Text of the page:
Bishop who rode the tiger of social change

Leading the Catholic community during the Second World War, extricating the Catholic Church from involvement in politics in the 1950s, and attending the Second Vatican Council from 1962 to 1965 were hallmarks of Matthew Beovich’s three-decade career as archbishop of Adelaide.

The life and achievements of the Melbourne-born archbishop have been documented in a new biography, Matthew Beovich, written by Flinders University lecturer Dr Josephine Laffin [pictured] from the School of Theology.

Dr Laffin based the biography on research she had conducted to complete her recent PhD thesis.  She had access to the Adelaide Catholic Archdiocesan Archives, and was able to read Beovich’s private diary and conduct interviews with people who had worked with him.

The result is an absorbing insight into life at the helm of the Catholic Church in Adelaide during some of Australia’s most testing social movements.

“One of the things that drew me to Matthew Beovich’s story was the range of historical events he guided the Church through,” Dr Laffin said.

“He was archbishop of Adelaide from 1939 to 1971, so his tenure began at the start of World War II and traversed several political upheavals, including the ALP Split of the 1950s and the Vietnam War.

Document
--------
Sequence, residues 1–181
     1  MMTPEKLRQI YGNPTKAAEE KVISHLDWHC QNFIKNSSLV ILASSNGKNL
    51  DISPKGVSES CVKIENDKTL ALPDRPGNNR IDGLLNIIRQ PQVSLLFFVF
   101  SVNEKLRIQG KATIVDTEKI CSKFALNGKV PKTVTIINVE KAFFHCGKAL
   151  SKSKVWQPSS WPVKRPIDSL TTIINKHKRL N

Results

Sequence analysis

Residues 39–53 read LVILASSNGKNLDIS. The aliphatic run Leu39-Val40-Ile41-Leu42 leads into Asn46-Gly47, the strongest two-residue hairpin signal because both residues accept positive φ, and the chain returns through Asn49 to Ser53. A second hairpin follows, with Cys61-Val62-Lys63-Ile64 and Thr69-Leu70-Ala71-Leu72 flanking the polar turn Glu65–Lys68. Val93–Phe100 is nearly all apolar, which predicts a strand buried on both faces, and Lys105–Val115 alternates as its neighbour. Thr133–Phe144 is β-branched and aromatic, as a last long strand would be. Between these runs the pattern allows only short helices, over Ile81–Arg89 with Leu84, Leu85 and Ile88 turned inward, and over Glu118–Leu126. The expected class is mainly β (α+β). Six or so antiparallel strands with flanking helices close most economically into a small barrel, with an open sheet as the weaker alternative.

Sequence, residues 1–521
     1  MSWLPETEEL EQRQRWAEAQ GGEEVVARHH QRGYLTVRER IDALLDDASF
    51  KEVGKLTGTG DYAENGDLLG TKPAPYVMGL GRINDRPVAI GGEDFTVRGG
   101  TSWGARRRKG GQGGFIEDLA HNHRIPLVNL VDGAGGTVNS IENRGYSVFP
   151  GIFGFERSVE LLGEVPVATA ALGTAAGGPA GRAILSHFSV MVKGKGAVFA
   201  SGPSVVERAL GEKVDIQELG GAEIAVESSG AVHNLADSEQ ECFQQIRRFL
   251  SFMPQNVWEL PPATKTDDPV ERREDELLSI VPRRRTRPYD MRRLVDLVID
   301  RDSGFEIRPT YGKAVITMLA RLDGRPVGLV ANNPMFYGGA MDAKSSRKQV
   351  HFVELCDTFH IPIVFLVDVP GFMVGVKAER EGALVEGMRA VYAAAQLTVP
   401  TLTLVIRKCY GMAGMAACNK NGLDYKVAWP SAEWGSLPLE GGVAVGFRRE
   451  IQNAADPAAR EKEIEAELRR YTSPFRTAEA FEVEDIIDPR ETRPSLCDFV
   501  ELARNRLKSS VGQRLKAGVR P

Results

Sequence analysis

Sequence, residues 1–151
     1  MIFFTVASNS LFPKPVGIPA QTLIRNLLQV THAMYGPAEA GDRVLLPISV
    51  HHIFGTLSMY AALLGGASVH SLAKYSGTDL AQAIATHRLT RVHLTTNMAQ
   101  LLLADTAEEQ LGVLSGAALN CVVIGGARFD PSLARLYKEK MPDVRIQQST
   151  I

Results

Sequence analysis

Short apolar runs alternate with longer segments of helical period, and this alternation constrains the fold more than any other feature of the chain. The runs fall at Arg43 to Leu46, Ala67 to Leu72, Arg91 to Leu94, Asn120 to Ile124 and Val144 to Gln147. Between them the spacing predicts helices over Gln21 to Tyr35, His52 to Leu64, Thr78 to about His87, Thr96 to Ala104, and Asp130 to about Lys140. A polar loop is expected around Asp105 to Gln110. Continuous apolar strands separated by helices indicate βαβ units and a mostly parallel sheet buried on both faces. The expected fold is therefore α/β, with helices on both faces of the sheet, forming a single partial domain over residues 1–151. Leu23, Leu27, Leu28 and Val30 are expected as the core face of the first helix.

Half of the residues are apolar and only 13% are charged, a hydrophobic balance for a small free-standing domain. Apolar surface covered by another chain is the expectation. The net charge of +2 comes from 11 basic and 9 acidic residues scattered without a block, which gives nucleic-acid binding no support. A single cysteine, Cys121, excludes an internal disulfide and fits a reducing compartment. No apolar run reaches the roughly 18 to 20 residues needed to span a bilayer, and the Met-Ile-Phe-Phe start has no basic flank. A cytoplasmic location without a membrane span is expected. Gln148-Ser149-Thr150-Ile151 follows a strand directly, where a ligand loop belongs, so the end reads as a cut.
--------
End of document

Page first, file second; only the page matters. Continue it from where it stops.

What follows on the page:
Although initially one of the strongest supporters of B.A. Santamaria’s secretive anti-communist organisation, the “Movement”, he never supported the Movement’s attempt to infiltrate the ALP.  Unlike some bishops interstate, he never supported the Democratic Labor Pary, which emerged in the wake of the Split, and he did not back Australian involvement in the Vietnam War.  Privately he regarded the controversial war as ‘atrocious’ but he confined himself in public to praying for peace.”

Then there were the dramatic changes which took place within the Catholic Church after the Second Vatican Council, including the change in the language of the liturgy from Latin to the vernacular.

Matthew Beovich was still the archbishop when the controversy over birth control intensified after Pope Paul VI’s encyclical Humanae Vitae was issued in 1968.

“Traditionally in the Catholic Church great emphasis was placed on obedience and humility, but by the late 1960s the cultural trend placed greater emphasis on self fulfilment and autonomy and living according to one’s own consciousness,” Dr Laffin said.

“So it was quite difficult for Matthew Beovich as an elderly bishop, who had an engrained sense of the value of obedience, to adjust to the fact that people were wanting a greater opportunity for self-expression and freedom.

“But he encouraged the development of consultative structures in the Church, such as the Diocesan Pastoral Council and the Council of Priests, and on issues like birth control he was much more sensitive to the feelings of lay people than some of his colleagues interstate.”

Matthew Beovich: A Biography is published by Wakefield Press and available for $39.99.

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